Alberta Cancer Foundation

Edson School Shows Passion With Annual Fundraiser

Photo of Michael Bachinsky and volunteers.

March is a busy month at Holy Redeemer Junior/Senior High School (HRH) in Edson, Alta. On top of classes and extracurricular activities, students spend many of their lunch hours and evenings participating in a variety of events for the March 4 A Cure fundraiser in support of the Alberta Cancer Foundation. The calendar of weekly events includes bake sales (with a “cake war” competition), candy jar guessing games, a basketball shooting competition, hot lunches for sale and more.

Founder and organizer Michael Bachinsky, who is the phys. ed and industrial arts teacher at HRH, was inspired to start the fundraiser 13 years ago for a deeply personal reason.

“Over the course of a year or two, my Grandpa Bachinsky and my aunt both passed away from cancer,” he says. “March 4 A Cure actually started in my parents’ backyard as an auction with my family and friends. We wanted to support the Alberta Cancer Foundation because it makes an immediate difference close to home.”

When Bachinsky began working at HRH in 2010, he introduced the fundraiser to the school. “When I held my first meeting nine years ago, 25 kids showed up, from Grade 7 to 12, and we just brainstormed. I let them run with it and they took full responsibility for the month of events.”

Every year, HRH student volunteers set a target fundraising goal and decide on what events to run and how to run them, including everything from making posters to managing budgets. This year’s goal was to break the $100,000 mark for the total funds raised since the fundraiser began in 2010.

“We have this core group of volunteers and I always joke, if you talk about the youth of today, these kids are going to change the world,” Bachinsky says. “They’re super keen, super intelligent, want to make a difference and are willing to give their time.”

Over the past nine years some of the fundraising initiatives have been more successful than others. For a few years, students and teachers participated in a head-shave-for-donations event, which left Bachinsky — who let the students choose his shaved hairstyle — with a mohawk, tri-hawk and a “friar-tuck.” When that event lost steam, mainly because students didn’t want to cut their hair or already had, Bachinsky challenged the student volunteers to come up with other fun ways to raise money.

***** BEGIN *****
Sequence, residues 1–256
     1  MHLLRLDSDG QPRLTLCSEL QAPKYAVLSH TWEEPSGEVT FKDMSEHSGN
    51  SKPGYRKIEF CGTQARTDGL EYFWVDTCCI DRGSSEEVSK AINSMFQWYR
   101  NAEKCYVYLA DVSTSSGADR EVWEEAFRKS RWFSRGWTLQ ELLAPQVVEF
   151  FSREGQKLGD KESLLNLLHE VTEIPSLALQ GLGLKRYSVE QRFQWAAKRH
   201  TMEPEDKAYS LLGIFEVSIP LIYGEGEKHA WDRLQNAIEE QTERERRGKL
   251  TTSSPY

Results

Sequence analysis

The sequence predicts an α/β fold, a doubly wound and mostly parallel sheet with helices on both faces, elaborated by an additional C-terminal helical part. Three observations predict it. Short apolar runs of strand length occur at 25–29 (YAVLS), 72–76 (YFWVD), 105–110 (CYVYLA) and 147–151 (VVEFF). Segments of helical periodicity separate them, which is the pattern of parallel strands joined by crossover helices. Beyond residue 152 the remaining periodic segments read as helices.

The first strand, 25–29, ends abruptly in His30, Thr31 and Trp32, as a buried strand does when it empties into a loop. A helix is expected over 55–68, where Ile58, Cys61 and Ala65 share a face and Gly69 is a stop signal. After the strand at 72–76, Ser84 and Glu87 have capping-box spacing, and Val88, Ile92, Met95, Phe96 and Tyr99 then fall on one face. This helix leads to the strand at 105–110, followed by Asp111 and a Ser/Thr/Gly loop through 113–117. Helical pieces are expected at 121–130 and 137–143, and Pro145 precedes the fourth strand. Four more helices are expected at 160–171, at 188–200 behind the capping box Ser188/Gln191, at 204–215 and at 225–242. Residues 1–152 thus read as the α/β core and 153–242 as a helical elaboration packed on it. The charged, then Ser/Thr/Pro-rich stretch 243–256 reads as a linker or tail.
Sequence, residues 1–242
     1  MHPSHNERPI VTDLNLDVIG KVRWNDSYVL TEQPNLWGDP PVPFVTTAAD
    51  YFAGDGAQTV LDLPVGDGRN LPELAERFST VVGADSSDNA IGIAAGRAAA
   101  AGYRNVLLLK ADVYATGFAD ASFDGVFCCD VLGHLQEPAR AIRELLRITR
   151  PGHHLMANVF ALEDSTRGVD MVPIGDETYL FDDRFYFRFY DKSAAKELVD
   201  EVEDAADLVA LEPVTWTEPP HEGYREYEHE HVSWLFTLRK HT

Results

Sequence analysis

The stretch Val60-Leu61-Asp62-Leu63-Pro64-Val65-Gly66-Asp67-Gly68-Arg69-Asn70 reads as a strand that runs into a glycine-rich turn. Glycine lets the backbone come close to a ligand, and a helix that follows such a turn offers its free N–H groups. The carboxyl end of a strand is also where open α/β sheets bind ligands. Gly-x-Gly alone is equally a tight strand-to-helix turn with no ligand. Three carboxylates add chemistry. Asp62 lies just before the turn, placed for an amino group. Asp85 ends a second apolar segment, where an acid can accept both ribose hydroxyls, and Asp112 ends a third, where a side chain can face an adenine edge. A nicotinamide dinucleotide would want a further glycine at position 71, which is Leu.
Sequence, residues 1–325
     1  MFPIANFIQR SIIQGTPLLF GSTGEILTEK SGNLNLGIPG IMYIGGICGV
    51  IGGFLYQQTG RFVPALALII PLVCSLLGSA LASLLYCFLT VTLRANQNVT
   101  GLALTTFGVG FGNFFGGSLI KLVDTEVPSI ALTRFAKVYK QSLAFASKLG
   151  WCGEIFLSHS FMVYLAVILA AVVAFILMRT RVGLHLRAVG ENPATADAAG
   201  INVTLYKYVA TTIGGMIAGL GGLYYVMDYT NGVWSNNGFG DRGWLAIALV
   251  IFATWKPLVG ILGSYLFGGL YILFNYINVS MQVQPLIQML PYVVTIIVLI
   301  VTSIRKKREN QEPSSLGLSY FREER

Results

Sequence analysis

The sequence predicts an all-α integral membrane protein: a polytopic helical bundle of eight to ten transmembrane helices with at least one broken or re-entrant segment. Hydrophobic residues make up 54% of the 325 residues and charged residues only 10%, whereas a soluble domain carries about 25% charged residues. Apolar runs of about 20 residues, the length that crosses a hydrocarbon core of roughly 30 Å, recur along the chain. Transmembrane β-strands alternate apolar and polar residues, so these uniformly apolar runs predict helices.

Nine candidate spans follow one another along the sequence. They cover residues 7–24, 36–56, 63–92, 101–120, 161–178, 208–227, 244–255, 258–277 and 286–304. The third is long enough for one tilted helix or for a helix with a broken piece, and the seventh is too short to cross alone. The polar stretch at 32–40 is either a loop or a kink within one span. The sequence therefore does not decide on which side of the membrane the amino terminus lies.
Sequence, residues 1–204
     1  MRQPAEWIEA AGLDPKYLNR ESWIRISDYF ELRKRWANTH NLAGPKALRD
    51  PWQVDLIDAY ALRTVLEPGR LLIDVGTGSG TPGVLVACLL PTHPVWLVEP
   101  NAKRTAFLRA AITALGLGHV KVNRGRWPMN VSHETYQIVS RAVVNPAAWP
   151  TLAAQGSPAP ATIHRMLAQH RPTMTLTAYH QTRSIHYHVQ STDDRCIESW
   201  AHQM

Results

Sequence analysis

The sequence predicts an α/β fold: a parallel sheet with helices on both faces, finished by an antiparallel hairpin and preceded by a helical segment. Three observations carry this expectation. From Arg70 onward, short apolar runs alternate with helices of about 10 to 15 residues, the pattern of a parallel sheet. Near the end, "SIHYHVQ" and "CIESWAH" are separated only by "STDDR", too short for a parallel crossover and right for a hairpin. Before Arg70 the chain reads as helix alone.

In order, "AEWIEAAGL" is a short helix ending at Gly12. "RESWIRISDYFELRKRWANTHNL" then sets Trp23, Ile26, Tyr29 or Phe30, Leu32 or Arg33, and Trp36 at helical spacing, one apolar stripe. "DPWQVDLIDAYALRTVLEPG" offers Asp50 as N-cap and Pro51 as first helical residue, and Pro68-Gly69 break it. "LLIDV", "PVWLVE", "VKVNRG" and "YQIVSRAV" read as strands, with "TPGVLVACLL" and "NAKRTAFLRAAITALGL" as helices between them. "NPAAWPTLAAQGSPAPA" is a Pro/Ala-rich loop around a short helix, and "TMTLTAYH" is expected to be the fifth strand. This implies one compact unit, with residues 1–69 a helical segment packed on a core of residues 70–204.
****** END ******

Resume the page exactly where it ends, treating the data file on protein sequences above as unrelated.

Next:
“If the kids are no longer into it, you can’t force it,” he says. “So, there are few events we do consistently, but we also regularly come up with new events every year.”

Bachinsky, who oversees March 4 A Cure, encourages the students to find a balance between raising awareness and raising funds.

“One year, they had an idea to stick a kid to a wall with tape. So, you’d pay $5 and tape a kid to the wall in the gym and see how long they’d stick. But when I looked at the cost of duct tape I had to come back and say, ‘Guys, this is not cost-effective.’”

One event that is consistently successful and a highlight of the fundraiser is the March 4 A Cure Silent and Live Auction. Held this year on March 15, it took place in the lobby of HRH in the evening and was open to the public.

“Students canvas the community for donations the month before in April and the community really rallies around them,” Bachinsky says. “Even in a recession year we were able to get 140 items donated. We had a full concession and there was a dance recital in the gym at the same time, which got even more people through the door. It was really successful.”

When the dust settled, this year’s March 4 A Cure raised a little over $7,000, which left the final tally of total funds raised at $98,000. Despite falling just short of the $100,000 goal, Bachinsky says he and his passionate student volunteers are not discouraged.

“We’re excited to go bigger and better for the 10th anniversary of March 4 A Cure, and the kids and I have already started to brainstorm how we’re going to do that. We know we’ll meet our $100,000 goal next year and surpass it. It’s going to be a celebration of our students, too, and 10 years of amazing volunteer work.”